We are one of the world’s largest operators of offshore support vessels and we have operations in most of the world’s offshore oil and gas basins. We continue to believe that there will be sufficient opportunities for us to operate our vessels in this sector for many years to come. We have, however, also begun to seek and develop opportunities in the sustainability arena, including the support of offshore wind energy generation and the improvement of our fleet performance regarding emissions and environmental impact. There is current evidence of higher oil and gas demand which has resulted in increased commodity pricing and increased customer activity offshore. We are optimistic that our industry may experience a recovery over the coming years.

 

As COVID-19 spread throughout the world, its impact on many of our locations, including our vessels, has affected our operations. We implemented various protocols for both onshore and offshore personnel in efforts to limit this impact. The effect on our business has included lockdowns of shipyards performing drydocks which delays vessels returning to service and the cancellation and/or temporary delay of certain revenue vessel contracts allowed either under the contract provisions or by mutual agreement with our customers. These cancellations and/or temporary delays reduced our year 2020 revenues by 18% and our year 2021 revenues by less than 3%. Our first quarter 2022 revenues were not significantly impacted. In addition, in the year ended December 31, 2021, and the quarter ended March 31, 2022 we incurred approximately $7.0 million and $1.4 million, respectively, in higher operating costs, primarily related to additional crew costs, mobilization and vessel stacking costs as a result of these unplanned contract cancellations or delays. There may be additional cancellations or delays.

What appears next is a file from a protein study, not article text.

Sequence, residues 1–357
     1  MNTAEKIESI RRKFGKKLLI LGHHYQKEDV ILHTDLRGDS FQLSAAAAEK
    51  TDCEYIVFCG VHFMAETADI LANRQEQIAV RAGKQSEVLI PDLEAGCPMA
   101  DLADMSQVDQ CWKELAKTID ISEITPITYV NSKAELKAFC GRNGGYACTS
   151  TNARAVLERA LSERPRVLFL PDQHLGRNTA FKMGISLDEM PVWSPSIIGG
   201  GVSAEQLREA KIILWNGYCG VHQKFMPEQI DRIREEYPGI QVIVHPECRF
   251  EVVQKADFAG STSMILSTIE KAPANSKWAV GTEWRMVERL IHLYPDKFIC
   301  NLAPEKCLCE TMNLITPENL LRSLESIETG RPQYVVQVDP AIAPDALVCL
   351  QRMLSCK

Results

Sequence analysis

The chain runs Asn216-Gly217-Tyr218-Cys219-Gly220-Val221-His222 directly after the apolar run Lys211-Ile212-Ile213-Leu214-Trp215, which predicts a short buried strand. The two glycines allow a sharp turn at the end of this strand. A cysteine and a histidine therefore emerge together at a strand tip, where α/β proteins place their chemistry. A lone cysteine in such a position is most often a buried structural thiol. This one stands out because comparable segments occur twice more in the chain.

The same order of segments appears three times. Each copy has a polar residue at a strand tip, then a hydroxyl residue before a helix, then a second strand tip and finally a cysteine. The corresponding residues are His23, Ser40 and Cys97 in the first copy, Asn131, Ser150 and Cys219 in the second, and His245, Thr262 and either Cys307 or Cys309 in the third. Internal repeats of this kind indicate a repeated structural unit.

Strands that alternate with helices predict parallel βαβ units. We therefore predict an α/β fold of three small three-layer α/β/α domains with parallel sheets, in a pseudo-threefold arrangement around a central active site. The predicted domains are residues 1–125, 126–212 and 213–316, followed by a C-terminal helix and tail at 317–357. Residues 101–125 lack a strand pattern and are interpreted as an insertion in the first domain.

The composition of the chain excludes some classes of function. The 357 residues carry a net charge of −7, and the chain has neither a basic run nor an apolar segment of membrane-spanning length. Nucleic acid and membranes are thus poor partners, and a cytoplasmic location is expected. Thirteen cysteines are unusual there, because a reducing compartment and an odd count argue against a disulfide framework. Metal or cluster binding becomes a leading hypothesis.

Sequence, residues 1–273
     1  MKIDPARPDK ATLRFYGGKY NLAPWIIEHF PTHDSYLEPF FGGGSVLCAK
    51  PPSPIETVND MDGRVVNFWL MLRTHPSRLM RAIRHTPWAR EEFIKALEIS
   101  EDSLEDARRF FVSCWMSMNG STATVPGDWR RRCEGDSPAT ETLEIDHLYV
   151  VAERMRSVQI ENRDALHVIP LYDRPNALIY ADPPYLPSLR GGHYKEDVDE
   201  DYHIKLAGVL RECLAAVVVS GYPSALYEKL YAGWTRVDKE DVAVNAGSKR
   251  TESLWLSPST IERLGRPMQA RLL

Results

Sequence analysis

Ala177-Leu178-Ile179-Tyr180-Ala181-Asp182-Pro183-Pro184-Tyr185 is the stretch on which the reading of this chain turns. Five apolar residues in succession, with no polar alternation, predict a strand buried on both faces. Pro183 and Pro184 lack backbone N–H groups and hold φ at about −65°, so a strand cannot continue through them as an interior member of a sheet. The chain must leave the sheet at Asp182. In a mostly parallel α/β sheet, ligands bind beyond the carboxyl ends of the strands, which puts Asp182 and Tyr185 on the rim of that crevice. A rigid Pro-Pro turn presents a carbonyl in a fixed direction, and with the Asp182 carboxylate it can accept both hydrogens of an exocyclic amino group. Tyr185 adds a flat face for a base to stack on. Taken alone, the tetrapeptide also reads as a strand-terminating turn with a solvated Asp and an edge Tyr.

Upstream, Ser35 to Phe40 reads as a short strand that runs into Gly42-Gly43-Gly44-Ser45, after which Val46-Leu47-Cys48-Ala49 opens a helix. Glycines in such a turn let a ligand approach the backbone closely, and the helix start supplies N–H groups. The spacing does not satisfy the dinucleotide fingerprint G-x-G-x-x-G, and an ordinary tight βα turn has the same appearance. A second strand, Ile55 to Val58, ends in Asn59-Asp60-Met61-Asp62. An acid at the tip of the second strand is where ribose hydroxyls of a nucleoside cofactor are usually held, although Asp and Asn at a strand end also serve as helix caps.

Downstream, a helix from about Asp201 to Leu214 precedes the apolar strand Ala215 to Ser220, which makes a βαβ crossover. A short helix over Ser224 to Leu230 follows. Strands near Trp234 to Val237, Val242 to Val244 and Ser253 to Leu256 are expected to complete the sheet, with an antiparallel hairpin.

ESG and Climate Change

 

Climate change is expected to increase the frequency and intensity of certain adverse weather patterns, which may impact our business. Due to concern over the risk of climate change, several countries have adopted, or are considering the adoption of, regulatory frameworks to reduce the emission of carbon dioxide, methane and other gases (greenhouse gas emissions). In addition, the increased regulation of environmental emissions is expected to create greater incentives for the use of alternative energy sources. Consideration of climate change-related issues and the responses to those issues through international agreements and national, regional, or state regulatory frameworks are integrated into our strategy, planning, forecasting and risk management processes, where applicable.

 

Our primary business is to support the fossil fuel industry. In addition, we burn fossil fuels in operating our vessels. The fossil fuel industry is considered one of the primary contributors to the elements of global climate change. The primary source of energy in the world is fossil fuels. We believe that continued use of fossil fuels will be important as the world transitions to alternative energy sources. We are prepared to participate in the transition but also to continue to support the fossil fuel industry. We have begun to take measures to address the future of our company and our impact on climate change. Such measures include modifications to many of our vessels to reduce our carbon footprint (approximately $10.3 million of emissions focused costs including fuel monitoring systems and batteries for supplemental power are included in our net properties and equipment amount as of March 31, 2022); developing associations with alternative energy providers such as windfarms; and creation of a written sustainability report. We have also recently formed an ESG committee within our Board of Directors. We are in the early stages on most of these measures and continue to develop our strategies and solutions. The measures we undertake will continue to evolve in compliance with new regulations and in recognition of applicable new sustainable technologies.